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My mother owns a country cabin out in the middle of the high desert of Utah, a five bedroom, two bathroom, pine-clad space that she has decorated from floor to ceiling with second-hand furniture and gorgeous antiques. I remember thinking she was crazy to buy a cabin in the middle of nowhere until I went with her to visit the property. This is her backyard:


I have joked that she likes to scatter ceramic farm animals here and there, but I haven’t given her enough credit. She’s got a great eye, especially for playful vignettes on a dresser or in a corner, and last week she and my stepfather renovated the kitchen at the cabin, by themselves, in four days, for less than a thousand dollars. My mother is 65 years old. My stepfather, 66. When she told me they were planning this insanity, I asked her if she had a death wish. She said, “Death wish? Honey, I grew up in a one room shack with eight brothers and sisters. This is a vacation!”

Admittedly, the kitchen was a bit cramped. Especially when our entire family would gather for a holiday weekend. And by entire family I mean my husband and our two kids, my sister and her five kids, and my brother and his five kids. Routinely a toddler would get lodged somewhere between the stove and dining table:


They started on a Monday morning by taking down the wall between the kitchen and one of the bedrooms. My mother (fig.1) removed sheets of tar paper, installed originally to diffuse light between the rooms, and my stepfather (fig 2.) removed all the tongue and groove boards until they were down to the studs.


Next they removed the carpet from the bedroom only to find out that they were going to have to install a subfloor. A trip to the hardware store sixty miles away and few sheets of four-by-eight-foot particleboard planks later (fig 3.) and they had what they needed. After my stepfather nailed them in place, he had to patch the nail heads and level the floor (fig 4.) He doesn’t look so happy, but neither would I.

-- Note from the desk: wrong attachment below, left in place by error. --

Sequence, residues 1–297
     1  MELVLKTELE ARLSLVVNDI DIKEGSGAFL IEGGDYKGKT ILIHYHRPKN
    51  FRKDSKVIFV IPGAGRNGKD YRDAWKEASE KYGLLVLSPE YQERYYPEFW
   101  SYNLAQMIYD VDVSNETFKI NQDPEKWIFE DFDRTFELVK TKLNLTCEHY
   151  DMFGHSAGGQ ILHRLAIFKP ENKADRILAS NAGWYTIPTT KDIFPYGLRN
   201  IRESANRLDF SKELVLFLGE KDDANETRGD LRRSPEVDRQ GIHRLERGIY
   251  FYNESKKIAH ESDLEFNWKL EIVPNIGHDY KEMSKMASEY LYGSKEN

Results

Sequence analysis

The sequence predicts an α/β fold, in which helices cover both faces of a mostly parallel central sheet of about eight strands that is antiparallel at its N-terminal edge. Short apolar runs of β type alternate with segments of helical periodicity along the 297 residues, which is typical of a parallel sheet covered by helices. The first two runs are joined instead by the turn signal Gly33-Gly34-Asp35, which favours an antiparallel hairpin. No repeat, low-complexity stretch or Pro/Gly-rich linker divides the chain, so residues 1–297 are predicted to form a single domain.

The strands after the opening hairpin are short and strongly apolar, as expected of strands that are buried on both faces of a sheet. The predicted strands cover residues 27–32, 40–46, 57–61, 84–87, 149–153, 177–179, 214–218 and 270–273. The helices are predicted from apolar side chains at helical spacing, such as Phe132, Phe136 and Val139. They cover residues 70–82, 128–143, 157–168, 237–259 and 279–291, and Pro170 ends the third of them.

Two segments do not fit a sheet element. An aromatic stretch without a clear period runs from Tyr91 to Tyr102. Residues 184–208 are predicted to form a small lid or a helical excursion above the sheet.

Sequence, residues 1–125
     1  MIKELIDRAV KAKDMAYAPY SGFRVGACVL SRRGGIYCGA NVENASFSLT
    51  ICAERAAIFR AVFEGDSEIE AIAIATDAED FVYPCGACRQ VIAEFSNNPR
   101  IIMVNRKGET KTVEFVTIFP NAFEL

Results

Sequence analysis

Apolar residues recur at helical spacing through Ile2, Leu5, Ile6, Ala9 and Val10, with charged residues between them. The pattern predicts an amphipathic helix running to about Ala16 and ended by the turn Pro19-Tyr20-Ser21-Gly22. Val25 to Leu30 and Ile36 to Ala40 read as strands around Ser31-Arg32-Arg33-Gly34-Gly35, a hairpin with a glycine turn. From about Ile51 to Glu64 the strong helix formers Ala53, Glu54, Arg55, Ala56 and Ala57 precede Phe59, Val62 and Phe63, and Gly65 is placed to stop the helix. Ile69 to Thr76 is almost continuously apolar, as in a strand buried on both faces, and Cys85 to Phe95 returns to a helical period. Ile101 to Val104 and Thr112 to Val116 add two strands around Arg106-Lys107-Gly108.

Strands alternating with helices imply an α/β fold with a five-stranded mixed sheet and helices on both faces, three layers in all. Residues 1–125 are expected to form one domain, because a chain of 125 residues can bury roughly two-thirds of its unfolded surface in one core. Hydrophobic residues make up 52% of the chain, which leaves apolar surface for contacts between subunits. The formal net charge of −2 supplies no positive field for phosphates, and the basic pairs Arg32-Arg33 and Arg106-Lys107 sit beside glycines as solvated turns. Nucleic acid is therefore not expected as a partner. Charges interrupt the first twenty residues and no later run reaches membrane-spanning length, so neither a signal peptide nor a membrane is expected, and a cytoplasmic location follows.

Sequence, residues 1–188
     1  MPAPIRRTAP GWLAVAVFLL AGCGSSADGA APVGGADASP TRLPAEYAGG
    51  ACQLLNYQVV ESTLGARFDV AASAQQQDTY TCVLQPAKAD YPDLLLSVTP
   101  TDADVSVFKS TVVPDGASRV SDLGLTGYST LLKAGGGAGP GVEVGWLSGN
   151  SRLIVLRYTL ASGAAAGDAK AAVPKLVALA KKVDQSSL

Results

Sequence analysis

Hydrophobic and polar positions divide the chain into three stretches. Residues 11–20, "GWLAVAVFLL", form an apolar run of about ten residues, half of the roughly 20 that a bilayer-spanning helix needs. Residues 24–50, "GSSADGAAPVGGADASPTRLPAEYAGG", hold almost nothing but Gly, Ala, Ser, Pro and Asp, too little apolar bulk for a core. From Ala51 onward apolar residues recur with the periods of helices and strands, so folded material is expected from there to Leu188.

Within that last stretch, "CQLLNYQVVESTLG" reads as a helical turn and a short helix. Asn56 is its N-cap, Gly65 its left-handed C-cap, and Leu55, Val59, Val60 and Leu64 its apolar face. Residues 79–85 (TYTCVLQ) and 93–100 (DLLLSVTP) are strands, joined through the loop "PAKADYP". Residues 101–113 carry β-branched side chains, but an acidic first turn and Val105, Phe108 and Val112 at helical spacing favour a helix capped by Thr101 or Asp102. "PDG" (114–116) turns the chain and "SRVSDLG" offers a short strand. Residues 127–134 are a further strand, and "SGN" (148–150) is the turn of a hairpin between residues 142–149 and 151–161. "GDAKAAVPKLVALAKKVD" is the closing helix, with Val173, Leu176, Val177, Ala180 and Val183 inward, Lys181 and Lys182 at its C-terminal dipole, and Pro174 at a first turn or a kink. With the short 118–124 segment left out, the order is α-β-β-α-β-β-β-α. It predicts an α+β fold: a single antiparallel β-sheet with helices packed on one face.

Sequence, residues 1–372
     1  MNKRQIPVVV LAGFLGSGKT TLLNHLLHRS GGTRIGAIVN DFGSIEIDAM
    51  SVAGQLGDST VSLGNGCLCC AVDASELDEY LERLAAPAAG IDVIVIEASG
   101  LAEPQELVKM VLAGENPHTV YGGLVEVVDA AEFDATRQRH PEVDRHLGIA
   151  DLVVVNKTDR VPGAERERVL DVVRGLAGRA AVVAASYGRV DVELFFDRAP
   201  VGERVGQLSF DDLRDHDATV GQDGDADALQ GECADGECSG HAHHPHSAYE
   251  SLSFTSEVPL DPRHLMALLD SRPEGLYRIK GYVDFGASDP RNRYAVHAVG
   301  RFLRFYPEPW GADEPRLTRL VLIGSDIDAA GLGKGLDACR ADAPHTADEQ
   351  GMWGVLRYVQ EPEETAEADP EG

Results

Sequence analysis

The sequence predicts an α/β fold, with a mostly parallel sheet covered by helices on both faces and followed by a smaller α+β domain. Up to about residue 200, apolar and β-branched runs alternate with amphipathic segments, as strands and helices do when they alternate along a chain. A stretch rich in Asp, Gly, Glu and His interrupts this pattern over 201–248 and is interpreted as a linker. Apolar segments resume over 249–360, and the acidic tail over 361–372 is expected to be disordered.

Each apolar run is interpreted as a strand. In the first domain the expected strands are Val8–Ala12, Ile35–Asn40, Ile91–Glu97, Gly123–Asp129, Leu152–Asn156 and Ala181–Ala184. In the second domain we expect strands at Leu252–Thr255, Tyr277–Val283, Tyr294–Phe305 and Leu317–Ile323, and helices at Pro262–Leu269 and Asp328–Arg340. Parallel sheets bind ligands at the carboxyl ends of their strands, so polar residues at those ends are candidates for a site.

Next they laid down linoleum tiles, one by one, and my mother (fig 5.) had to use an antique rolling pin to secure them in place. She said she’s never had a better abdominal workout in her life. After all the tile was installed (fig 6.) my stepfather continued to look miserable.


My mother says she doesn’t remember what day it was at this point, it’s all a blur now, but one morning they woke up and immediately started installing cabinetry (fig 7. and 8.). Some of it was stock they bought at the hardware store, but most of it they reused. In fact, almost everything they took down they reused, and eventually my stepfather created all the trim work from the tongue and groove boards he’d removed from the wall.


Finally a couple of neighbors stopped by and helped with some of the finishing touches. One neighbor handled all the electrical work for $130, and another neighbor cut the countertop for $20 (fig 9.). Then my mother moved the dining table into its new home (fig 10.).


A few decorative touches later, and they had a new kitchen:



They still have a few minor tweaks to make, some trim work to install and a coat of stain on the new cabinets, but I needed them to babysit! They had to come back to town! My mother’s back thanked me for my children and their need to be watched.